Satin Paint Dry Time (& Speed Up Tips)

| Updated on
Reviewed by
Eral Kadrija

Tony Adams

Satin contains a low amount of sheen in its formula and offers a semi-gloss finish. So, how long does satin take to dry?

Satin needs 90 minutes to dry to touch, 2 hours for a re-coat, and 24 hours to fully dry (cure). Because of its low amount of sheen, this paint sheen doesn’t take much to dry. Its dry time is determined by room temperature, humidity, and coat thickness.

However, oil-based satin takes longer to dry than water-based types because of the higher level of oils in the formula.

Between Coats

How Long Does It Take Satin Paint To Dry Between Coats?

It takes satin paint 2 hours to dry enough for a re-coat. After 2 hours, the coating will be strong and durable enough to support another coating.

Satin dries through solvent evaporation (water or oil). Once the solvent evaporates, the coating is no longer wet (it has no solvent) and becomes strong and compact enough to support a new coating.

The solvent’s time to evaporate depends on the type (water or oil) and humidity levels. For instance, water-based paints dry faster because they use water as their solvent. In comparison, oil-based paints take longer to dry before oils evaporate slower. Also, during humid conditions, the evaporation rate is slow, and paint takes longer to dry.

If you re-coat too soon, the satin finish will turn sticky. That’s because the new coating will prevent the existing coating from drying, and the finish will turn wet, sticky, and tacky. So, it’s important to wait until the coating is fully dry before re-coating.

To know if the satin paint is dry enough for a re-coat, use fine-grit sandpaper over the coating. If the sandpaper moves freely, the coating is dry enough. The coating isn’t dry enough for a re-coat if the sandpaper gets clogged by the wet paint.

You can also feel the texture of satin paint; if the texture feels dry and glossy, the coating is dry. However, if the texture of the coating feels wet, the coating isn’t dry yet.

Satin Paint Cure Time

How Long Does It Take Satin Paint To Cure?

It takes satin paint (or sheen) 24 hours to dry fully (cure). A paint cures once the solvent evaporates and the particles oxidize (harden and compact). Once satin paint cures, its finish becomes water-resistant and will have a semi-gloss appearance.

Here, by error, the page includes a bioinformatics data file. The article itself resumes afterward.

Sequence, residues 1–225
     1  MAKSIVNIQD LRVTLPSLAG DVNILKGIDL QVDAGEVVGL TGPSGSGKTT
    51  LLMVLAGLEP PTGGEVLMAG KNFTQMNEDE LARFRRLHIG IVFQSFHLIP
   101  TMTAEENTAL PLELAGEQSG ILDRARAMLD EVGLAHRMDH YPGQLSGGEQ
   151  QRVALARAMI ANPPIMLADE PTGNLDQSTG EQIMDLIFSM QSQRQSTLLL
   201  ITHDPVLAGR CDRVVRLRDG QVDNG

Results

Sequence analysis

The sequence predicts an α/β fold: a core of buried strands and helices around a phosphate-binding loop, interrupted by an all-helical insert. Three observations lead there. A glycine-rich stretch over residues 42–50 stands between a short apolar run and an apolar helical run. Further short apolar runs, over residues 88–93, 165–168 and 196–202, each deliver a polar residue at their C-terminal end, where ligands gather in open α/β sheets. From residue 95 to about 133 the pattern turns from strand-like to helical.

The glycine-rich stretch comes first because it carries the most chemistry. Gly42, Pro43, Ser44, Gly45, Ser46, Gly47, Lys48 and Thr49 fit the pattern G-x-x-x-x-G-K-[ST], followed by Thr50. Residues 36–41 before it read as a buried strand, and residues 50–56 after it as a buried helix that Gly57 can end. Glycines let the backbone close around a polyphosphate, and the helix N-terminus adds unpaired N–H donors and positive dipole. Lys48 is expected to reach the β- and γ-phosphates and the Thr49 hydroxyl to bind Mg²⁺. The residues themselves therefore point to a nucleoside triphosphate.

Oxidization is a process where the resins in the satin paint particles react chemically with oxygen in the atmosphere and become solidified. This process can take up to 24 hours and, in some cases, less than that. The time it takes depends on the airflow around the coating.

Before sealing it, you must wait until satin paint cures (24 hours). This is because once you seal a paint, the solvent or oils can’t evaporate anymore. So, the paint coating must fully dry and become hard and rigid enough to support a topcoat.

However, before sealing a satin paint, you must sand the finish. That’s because satin paint has a semi-gloss finish that repels liquid. So, you must sand the glossy layer to help the sealant stick better.

How To Make Satin Paint Dry Faster?

1. Using Paint Dryer

Using Paint Dryer

You can speed up the satin paint drying time using a paint dryer agent. A paint dryer is a powdered substance you add to the paint before applying it. The powder is a drying agent from iron and copper irons. These irons help the paint dry faster by accelerating the evaporation rate and hardening the paint’s resins.

You must use only one type of paint dryer for paint and add it 5 minutes before applying the paint.

Here is a guide:

  1. Pour satin paint into a clean bucket.
  2. Add the paint-drying powder to the bucket.
  3. Stir the mixture for 5 minutes.
  4. Use the paint.

Paint dryers speed up paint drying time by over 50%.

2. Using A Hairdryer

Using A Hairdryer

Since paint dries through evaporation, increasing the evaporation process will speed up the drying time of the paint. To increase the evaporation rate, use a hairdryer. Hairdryers produce heat that helps the solvent to evaporate faster. So, if you expose the paint coating to a hairdryer, the paint will dry faster.